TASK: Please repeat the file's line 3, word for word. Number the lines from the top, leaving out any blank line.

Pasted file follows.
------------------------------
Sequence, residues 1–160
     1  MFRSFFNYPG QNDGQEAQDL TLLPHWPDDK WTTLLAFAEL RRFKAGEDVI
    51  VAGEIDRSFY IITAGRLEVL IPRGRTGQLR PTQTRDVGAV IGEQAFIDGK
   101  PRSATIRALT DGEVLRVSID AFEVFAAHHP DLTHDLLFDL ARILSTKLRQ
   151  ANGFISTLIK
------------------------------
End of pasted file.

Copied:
    51  VAGEIDRSFY IITAGRLEVL IPRGRTGQLR PTQTRDVGAV IGEQAFIDGK